Namon Wright 21% 27% 1.9 28% 33% 16% 24%
Russell Woods 10% 0% 0.6 0% 100% 0% 0%
Cullen VanLeer 14% 20% 1.4 37% 57% 0% 6%
Jakeenan Gant 15% 14% 0.9 0% 83% 0% 17%
D'Angelo Allen 23% 0% 1.4 0% 100% 0% 0%
Kevin Puryear 13% 17% 0.8 0% 38% 25% 38%
  • Ryan Rosburg's last four games: 20 PPG (62% FG, 58% FT), 7 RPG. I'm done trying to figure this out. I'm just going to go with it.
  • I hate harping on the same thing over and over again, especially after wins, but Cullen VanLeer played 32 minutes last night. KJ Walton played 14. Again, I assume there's a reason. But I really, really can't figure out what it is. I was talking myself into a "VanLeer's bigger, and wings have to spend some time on the interior with this roster" argument, but ... CVL is 6'4, 200. Walton is 6'3, 197. That alone doesn't tell you about strength, but still.
  • Regardless, after suddenly turning into a bigs-heavy team, with Rosburg and Puryear leading the way, Mizzou's guards stepped up in a major way last night, and thank goodness -- Puryear's night was very forgettable.


Mizzou has now won back-to-back SEC games for the first time under Kim Anderson. But after this fun, it's back to the road. Three of Mizzou's final five games are away from home, and per Ken Pomeroy, the Tigers have a better than 20 percent chance of winning in just one of them (the season finale against Florida).

So yeah, the fun's probably about over. But the effort doesn't have to be. The most refreshing part of the last two games was the energy. Mizzou seemed to find its muse, its heart, in the last week, and it paid off. The Tigers scrapped for rebounds, and offensive funks didn't lead to defensive breakdowns, as they have for most of the year.

I said a few games ago, during the worst moments of the nine-game losing streak, that Kim Anderson still had time to prove himself this year and prove that he deserves a third year in charge. He might have gotten a third year whether he proved it or not, but it's safe to say we were searching for reasons to be hopeful moving forward. Wes Clark's apparent dismissal could have led to a disaster last night, but instead it led to perhaps the most inspired performance of the season.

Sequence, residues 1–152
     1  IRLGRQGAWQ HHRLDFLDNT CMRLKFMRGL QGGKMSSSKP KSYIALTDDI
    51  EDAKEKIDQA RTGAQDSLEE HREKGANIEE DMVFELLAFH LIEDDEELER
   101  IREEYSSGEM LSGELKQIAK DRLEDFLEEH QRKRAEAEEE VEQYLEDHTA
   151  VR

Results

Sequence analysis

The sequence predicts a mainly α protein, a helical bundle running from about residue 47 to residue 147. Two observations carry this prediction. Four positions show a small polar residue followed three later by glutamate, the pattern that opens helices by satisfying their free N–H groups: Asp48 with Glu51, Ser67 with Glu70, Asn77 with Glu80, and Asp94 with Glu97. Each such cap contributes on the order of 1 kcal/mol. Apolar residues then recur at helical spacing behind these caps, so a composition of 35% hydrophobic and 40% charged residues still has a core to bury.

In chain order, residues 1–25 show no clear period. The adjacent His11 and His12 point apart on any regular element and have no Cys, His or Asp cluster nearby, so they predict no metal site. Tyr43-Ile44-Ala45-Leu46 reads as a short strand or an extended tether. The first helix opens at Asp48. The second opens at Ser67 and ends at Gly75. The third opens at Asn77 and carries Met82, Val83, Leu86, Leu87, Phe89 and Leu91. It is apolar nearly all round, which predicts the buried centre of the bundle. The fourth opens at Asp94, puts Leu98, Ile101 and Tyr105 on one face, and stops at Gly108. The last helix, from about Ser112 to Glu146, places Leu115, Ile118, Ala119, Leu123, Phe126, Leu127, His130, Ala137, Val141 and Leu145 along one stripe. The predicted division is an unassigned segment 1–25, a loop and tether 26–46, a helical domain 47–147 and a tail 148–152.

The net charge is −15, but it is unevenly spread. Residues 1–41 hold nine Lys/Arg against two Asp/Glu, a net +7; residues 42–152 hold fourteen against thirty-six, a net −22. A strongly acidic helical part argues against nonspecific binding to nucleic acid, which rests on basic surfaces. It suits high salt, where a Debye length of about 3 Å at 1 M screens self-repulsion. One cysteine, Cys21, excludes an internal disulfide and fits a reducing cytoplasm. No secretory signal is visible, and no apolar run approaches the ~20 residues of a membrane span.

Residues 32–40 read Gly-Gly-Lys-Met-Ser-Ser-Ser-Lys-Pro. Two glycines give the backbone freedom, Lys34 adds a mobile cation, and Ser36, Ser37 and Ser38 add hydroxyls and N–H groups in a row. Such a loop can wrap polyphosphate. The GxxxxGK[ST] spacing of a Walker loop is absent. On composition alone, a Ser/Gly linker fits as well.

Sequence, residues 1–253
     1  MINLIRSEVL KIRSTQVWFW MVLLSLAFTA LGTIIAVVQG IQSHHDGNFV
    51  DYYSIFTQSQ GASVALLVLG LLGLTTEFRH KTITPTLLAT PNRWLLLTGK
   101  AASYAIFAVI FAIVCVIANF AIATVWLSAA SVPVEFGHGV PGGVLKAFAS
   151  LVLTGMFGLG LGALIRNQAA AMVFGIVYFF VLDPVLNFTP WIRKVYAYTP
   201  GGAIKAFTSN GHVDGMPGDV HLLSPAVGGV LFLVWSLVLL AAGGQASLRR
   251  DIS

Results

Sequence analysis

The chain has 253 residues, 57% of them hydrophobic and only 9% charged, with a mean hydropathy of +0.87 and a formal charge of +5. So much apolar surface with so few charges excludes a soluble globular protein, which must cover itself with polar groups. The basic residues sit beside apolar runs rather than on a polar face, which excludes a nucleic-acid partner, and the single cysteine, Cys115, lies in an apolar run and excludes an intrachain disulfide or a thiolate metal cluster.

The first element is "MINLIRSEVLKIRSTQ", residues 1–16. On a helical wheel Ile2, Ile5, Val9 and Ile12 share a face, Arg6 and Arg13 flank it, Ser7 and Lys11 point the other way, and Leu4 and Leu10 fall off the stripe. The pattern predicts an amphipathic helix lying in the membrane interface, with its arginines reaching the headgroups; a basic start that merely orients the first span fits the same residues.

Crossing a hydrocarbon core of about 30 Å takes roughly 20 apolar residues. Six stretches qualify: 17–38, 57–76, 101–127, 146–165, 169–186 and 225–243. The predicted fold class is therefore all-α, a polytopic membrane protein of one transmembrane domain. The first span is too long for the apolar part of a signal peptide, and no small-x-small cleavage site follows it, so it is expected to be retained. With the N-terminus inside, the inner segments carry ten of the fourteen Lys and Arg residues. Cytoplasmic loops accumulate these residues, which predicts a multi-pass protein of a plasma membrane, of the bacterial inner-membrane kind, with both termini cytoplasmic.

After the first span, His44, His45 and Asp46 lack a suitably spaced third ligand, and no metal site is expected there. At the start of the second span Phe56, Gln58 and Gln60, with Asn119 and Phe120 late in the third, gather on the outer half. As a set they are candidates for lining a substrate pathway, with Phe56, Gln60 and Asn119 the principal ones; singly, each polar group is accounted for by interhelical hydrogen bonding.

If Mizzou lays a series of eggs in these final five games, this positivity, this sense of momentum, goes right out the window. These last two games have suggested that there might be a light at the end of the tunnel. Now all Anderson and his players have to do is keep suggesting it.


AdjGS: a take-off of the Game Score metric (definition here) accepted by a lot of basketball stat nerds. It takes points, assists, rebounds (offensive & defensive), steals, blocks, turnovers and fouls into account to determine an individual's "score" for a given game. The "adjustment" in Adjusted Game Score is simply matching the total game scores to the total points scored in the game, thereby redistributing the game's points scored to those who had the biggest impact on the game itself, instead of just how many balls a player put through a basket.

Usage%: This "estimates the % of team possessions a player consumes while on the floor" (via). The usage of those possessions is determined via a formula using field goal and free throw attempts, offensive rebounds, assists and turnovers. The higher the number, the more prevalent a player is (good or bad) in a team's offensive outcome.

Floor%: Via Floor % answers the question, "when Player X uses a possession, what is the probability that his team scores at least 1 point?". The higher the Floor%, the more frequently the team probably scores when the given player is involved.

Touches/Possession: Using field goal attempts, free throw attempts, assists and turnovers, Touches attempt to estimate "the number of times a player touched the ball in an attacking position on the floor." Take the estimated touches and divide it by the estimated number of possessions for which a player was on the court, and you get a rough idea of how many times a player touched the ball in a given possession. For point guards, you'll see the number in the 3-4 range. For shooting guards and wings, 2-3. For an offensively limited center, 1.30. You get the idea.

Anyway, using the Touches figure, we can estimate the percentage of time a player "in an attacking position" passes, shoots, turns the ball over, or gets fouled.